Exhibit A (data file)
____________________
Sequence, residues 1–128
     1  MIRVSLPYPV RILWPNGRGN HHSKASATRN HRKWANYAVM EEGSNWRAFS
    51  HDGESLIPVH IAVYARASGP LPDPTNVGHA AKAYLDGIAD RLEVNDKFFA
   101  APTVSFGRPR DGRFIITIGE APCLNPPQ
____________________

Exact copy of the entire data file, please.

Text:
Sequence, residues 1–128
     1  MIRVSLPYPV RILWPNGRGN HHSKASATRN HRKWANYAVM EEGSNWRAFS
    51  HDGESLIPVH IAVYARASGP LPDPTNVGHA AKAYLDGIAD RLEVNDKFFA
   101  APTVSFGRPR DGRFIITIGE APCLNPPQ